Farmers were beguiled into cultivating this GM crop only to incur losses because of the crop’s poor harvest
EXCERPT: [In 2014] Only one of the 20 Bt brinjal fields succeeded, while 13 were fully and the rest [remaining] six were partially damaged.
Cultivation of Bt bri[n]jal must stop
New Age (Opinion), Sep 19,2017
THE government’s resolve to supply free Bt brinjal seeds to 2,001 farmers in 64 districts is a testimony to the fact that it is hell bent on cultivating Bt brinjal, a transgenic crop, even after the bitter experience gathered by most of the 20 farmers in Gazipur while cultivating Bt brinjal saplings raised by the Bangladesh Agricultural Research Institute.
One may recall that amid huge protests in January 2014 the government first introduced Bt brinjal cultivation in Bangladesh. At that time, agriculture minister herself distributed Bt brinjal saplings among 20 farmers. We cannot forget how they were beguiled into cultivating this genetically modified crop only to incur losses because of the crop’s poor harvest. Only one of the 20 Bt brinjal fields succeeded, while 13 were fully and the rest six were partially damaged.
Notably, all this is taking place at a time when experts and green activists are vociferous against the cultivation of any GM crops. They are opposing the move on the ground that these controversial crops may leave adverse impact on [the] human body on the one hand and endanger environment by polluting the crop varieties to be cultivated on its surrounding areas on the other. Each farmer, as New Age reported on Monday, would be given 20 gram of Bt brinjal seeds with 15kg of DAP [di-ammonium phosphate] and 15kg of MOP [muriate of potash] fertilizers for growing the crop on each bigha of land at the cost of Tk 58.77 crore for boosting this incentive programme.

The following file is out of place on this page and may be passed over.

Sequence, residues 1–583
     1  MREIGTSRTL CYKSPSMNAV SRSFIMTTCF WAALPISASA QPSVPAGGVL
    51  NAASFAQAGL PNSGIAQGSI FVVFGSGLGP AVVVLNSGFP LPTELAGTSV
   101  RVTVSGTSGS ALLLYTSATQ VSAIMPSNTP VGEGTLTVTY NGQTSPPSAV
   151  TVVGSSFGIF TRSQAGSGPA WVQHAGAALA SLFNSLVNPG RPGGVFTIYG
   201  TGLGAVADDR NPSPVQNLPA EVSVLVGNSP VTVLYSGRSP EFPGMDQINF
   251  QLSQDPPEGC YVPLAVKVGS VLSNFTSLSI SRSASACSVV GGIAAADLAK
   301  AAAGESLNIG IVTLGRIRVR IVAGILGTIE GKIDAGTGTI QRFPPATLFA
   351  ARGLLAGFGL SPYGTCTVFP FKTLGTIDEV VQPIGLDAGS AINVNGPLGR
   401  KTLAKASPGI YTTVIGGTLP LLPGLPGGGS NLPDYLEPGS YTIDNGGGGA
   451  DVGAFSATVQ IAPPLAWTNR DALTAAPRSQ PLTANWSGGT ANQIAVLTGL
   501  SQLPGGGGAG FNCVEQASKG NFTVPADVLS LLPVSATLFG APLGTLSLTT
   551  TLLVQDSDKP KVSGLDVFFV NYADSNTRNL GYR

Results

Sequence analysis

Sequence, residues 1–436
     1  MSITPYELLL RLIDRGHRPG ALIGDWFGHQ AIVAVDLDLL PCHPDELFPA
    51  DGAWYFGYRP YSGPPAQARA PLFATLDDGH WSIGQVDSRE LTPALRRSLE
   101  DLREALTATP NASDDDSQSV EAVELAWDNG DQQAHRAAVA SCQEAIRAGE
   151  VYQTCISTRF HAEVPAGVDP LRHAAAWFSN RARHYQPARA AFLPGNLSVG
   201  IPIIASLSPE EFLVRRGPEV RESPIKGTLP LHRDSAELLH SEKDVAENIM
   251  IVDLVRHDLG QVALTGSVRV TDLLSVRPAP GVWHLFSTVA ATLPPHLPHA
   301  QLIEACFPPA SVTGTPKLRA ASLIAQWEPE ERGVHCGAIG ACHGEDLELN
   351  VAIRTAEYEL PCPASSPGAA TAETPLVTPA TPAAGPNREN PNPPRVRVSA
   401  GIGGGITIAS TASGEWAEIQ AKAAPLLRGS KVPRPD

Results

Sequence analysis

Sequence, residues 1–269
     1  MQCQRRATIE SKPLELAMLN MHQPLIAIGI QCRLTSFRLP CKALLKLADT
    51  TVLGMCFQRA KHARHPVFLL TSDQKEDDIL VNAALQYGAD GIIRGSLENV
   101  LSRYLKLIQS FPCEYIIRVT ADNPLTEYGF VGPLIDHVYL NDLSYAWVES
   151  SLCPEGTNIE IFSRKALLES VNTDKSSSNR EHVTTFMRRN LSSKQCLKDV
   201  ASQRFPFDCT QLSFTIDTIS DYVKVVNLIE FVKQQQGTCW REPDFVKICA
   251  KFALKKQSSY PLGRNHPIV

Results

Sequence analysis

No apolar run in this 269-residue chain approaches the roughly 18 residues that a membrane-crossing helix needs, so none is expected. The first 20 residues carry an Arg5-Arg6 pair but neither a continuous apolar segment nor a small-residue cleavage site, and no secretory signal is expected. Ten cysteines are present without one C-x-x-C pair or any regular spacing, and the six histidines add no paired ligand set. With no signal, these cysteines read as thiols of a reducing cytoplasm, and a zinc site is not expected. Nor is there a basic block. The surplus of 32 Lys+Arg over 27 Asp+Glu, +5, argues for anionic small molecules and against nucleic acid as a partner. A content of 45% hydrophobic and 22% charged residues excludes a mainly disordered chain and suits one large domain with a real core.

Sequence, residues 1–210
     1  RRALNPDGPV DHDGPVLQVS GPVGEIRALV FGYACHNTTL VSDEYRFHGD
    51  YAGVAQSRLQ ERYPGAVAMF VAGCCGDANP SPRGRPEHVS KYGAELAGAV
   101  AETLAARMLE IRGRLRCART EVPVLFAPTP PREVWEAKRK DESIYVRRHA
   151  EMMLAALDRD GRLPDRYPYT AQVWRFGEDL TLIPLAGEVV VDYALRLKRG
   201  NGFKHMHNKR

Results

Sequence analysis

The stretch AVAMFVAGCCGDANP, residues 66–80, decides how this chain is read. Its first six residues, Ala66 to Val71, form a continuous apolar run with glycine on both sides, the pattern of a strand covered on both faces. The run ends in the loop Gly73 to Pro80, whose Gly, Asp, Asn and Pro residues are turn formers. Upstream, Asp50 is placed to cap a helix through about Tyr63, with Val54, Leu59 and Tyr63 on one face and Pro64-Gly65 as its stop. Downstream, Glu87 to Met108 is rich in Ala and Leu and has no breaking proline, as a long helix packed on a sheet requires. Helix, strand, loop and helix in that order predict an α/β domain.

The government at the outset always claims that these varieties would be pest-proof and bring more profit than the local variety. The case of Bt brinjal is a testimony to the fact that authorities did not tell the truth. Earlier, Bt brinjal plants at some fields were either dead or struggling to grow. Besides, those growing well were coming under the attack of shoot borer pests.
It is important to note that most of our farmers are poor, and have no other options but to depend on the cultivation of one of the most consumed vegetables in the country for sustenance. One also needs to remember that dozens of Indian farmers committed suicide a few years ago; they too had believed in the assurance of the US-based seed giant Monsanto that its Bt cotton seed guarantees good production and thus profit, and ended up with heavy debt burden for crop failure.
It is unacceptable that when GM crops and foods are barred from entering the US and EU markets and the cultivation of these crops are banned in India and the Philippines, the Awami League-led government is serving the purpose of Monsanto and Mahyco at the cost of our farmers’ interest. Conscious sections of society need to mount pressure on the government to stop its harmful move to cultivate these crops.